In-N-Out Burger at Safe Kids Day 2017 at Smashbox Studios on April 23, 2017, in Culver City, California. (Tommaso Boddi/Getty Images for Safe Kids Worldwide)
For the past week, if your social media feeds were anything like mine, they were focused on a captivating story. No, not the presidential election and its aftermath, or the surge in coronavirus cases. They were focused on hamburgers.
Yes, In-N-Out Burger finally opened its first Colorado locations last Friday and the reaction was, to put it lightly, intense. Whether driven by boredom or curiosity (or something more metaphyiscal) thousands lined up despite a deadly virus and wait times approaching 12 hours.
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While the scene unfolded, many used it as an opportunity to encourage Coloradans to buy a meal from a local restaurant instead of a big chain. That’s certainly something we should all be able to get behind.
But it left me feeling defensive of folks who were seemingly being shamed just for trying to squeeze a brief bit of pleasure out of a miserable year. For finally getting to try a burger, overhyped or not, that they’ve never been able to get in their own backyard before.
More importantly, it effectively shifted the blame for our current economic situation away from those who actually hold the power to help local restaurants and other small businesses that are hurting right now.
If your favorite local burger joint closes this year or next, it won’t be because of In-N-Out. It won’t even be because state and local officials finally tightened public health measures designed to save lives and stop our hospitals from being overwhelmed by COVID-19. It will be because leaders in Washington, D.C., failed to deliver another round of virus relief.
How do we know? We’ve already seen how the relief passed in March in the CARES Act likely saved the economy. Expanded unemployment, forgivable business loans, rental assistance, increases in Medicaid and food assistance, and direct stimulus payments helped Colorado tremendously.
In fact, direct aid to businesses and workers did more than just help us weather the initial virus wave. Federal stimulus policies also had the indirect effect of increasing tax collections above initially dire projections. That influx of money into the economy protected our communities from unnecessary layoffs and cuts to critical public services.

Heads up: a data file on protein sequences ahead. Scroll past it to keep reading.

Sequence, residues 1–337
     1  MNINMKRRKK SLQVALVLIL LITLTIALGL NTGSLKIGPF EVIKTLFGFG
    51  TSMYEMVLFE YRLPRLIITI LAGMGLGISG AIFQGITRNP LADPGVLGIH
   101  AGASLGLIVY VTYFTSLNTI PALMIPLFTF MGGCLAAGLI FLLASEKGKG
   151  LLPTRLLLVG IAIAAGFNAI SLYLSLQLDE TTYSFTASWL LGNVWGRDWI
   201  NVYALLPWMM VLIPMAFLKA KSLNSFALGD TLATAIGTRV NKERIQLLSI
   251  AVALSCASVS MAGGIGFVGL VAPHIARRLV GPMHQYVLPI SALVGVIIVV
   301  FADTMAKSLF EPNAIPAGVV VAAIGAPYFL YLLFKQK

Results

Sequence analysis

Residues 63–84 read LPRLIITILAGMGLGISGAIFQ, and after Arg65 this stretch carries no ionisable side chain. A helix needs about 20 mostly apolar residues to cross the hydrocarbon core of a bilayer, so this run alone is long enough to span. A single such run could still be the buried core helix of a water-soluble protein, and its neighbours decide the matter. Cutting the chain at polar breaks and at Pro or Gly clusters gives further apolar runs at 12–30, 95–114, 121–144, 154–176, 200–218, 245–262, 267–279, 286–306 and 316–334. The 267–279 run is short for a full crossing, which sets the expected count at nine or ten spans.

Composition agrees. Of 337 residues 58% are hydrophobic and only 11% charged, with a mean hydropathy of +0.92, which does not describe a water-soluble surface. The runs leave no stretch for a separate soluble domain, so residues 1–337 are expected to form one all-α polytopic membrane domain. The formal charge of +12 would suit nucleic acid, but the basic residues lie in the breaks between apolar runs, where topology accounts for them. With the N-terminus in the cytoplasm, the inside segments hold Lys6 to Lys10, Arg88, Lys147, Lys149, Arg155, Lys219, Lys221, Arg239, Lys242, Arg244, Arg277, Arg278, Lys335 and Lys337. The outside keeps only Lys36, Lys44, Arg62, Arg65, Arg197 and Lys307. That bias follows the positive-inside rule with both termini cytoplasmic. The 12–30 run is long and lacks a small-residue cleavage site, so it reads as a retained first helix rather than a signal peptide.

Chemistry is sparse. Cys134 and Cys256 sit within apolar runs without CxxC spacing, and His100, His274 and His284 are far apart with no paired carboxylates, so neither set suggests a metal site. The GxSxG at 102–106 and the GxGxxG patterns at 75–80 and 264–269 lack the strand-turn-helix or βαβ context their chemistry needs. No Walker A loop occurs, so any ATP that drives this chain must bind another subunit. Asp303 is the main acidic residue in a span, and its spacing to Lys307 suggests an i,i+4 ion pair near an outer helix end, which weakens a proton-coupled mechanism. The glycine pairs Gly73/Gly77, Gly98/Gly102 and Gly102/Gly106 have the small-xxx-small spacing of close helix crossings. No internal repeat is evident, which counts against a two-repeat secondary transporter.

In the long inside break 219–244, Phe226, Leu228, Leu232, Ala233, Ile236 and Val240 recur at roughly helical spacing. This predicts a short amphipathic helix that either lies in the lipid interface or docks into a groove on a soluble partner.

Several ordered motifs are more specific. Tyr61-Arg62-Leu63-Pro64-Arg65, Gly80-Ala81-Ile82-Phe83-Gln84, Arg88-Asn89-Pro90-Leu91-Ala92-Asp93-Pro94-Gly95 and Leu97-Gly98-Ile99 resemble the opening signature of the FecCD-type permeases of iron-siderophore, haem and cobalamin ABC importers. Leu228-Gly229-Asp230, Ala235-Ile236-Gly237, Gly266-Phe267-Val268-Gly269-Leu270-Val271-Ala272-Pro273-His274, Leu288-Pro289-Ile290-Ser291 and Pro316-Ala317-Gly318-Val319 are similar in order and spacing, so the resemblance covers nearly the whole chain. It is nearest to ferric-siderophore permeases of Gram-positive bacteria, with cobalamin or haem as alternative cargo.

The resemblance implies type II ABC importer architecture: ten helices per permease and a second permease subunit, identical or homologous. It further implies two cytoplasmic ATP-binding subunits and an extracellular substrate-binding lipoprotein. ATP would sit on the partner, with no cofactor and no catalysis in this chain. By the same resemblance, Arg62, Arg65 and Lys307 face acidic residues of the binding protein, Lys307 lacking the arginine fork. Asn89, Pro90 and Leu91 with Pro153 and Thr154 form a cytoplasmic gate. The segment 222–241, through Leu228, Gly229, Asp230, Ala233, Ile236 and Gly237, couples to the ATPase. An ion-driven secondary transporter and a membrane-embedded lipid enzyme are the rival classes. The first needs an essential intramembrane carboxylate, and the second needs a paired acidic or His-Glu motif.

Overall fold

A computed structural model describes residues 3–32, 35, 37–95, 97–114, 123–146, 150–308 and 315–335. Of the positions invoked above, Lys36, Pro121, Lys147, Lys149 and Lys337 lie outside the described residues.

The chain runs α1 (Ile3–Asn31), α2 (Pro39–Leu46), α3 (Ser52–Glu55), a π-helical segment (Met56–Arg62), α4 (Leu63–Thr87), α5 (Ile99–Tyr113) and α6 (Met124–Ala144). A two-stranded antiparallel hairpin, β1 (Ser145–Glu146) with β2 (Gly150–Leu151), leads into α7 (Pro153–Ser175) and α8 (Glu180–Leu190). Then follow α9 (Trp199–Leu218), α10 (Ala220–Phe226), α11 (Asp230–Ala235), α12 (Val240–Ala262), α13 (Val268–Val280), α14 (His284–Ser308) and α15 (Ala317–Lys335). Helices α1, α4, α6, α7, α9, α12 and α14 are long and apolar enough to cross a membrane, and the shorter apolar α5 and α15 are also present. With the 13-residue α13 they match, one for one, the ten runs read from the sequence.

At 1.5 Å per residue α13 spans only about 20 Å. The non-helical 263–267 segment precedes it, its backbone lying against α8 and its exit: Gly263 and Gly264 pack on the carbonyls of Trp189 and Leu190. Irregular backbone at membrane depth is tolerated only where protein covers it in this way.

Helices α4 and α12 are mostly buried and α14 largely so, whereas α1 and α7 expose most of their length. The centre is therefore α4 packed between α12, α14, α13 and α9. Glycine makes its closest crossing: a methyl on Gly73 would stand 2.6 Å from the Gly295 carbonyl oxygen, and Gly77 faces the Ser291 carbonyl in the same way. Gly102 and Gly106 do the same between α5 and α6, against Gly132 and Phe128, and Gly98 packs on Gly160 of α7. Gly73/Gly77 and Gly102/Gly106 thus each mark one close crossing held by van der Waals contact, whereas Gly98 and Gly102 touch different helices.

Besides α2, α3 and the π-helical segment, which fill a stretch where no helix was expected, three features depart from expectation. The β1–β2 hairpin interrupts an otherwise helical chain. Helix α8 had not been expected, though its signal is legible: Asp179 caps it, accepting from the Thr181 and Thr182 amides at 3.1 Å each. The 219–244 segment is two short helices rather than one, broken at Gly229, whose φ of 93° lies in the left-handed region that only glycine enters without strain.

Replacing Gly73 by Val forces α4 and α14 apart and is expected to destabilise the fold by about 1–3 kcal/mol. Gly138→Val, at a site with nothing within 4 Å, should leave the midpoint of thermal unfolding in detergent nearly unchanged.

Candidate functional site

But that money has now run out. The $1,200 stimulus checks are a distant memory. The $600 weekly boost to unemployment benefits ended months ago and the state economy is looking at another shock when Pandemic Unemployment Assistance expires after Christmas.
State and local leaders are doing what they can. Small one-time payments for unemployed workers and the upcoming special legislative session will provide some help.
But Gov. Jared Polis has been quick to point out that Colorado, unlike the federal government, can’t deficit spend. Local leaders simply don’t have the ability to provide large-scale enough relief.
Individual actions are important. People should be ordering takeout from their favorite restaurants, shopping locally for holiday gifts, and wearing masks and avoiding contact with people outside their households. However, these actions alone won’t be enough for our economy to recover.
Fortunately, it’s not too late. Congressional leaders and the Trump administration have all expressed a willingness to work out a deal to provide the relief that’s so desperately needed before the end of the year.
And with the holiday season starting in earnest this week, it would come at a time when families who should be planning joyful holiday celebrations are instead worrying about whether they’ll be able to feed their kids.
The death and economic devastation created by the pandemic have been unimaginable. Thousands of Coloradans have died and hundreds of thousands more have had their lives and livelihoods forever altered. But as bad as it’s been, it will only get worse without more federal relief.
So let’s stop scapegoating folks for wanting a burger. Instead, let’s focus our outrage and disgust squarely at Congress and the president until they do their jobs. Relief at the end of this year will go a long way towards preventing even more hardship in the one ahead.
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